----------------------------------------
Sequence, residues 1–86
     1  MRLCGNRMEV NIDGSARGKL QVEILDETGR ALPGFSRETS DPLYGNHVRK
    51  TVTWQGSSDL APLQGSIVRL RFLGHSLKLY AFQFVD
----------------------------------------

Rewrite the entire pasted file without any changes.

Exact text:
Sequence, residues 1–86
     1  MRLCGNRMEV NIDGSARGKL QVEILDETGR ALPGFSRETS DPLYGNHVRK
    51  TVTWQGSSDL APLQGSIVRL RFLGHSLKLY AFQFVD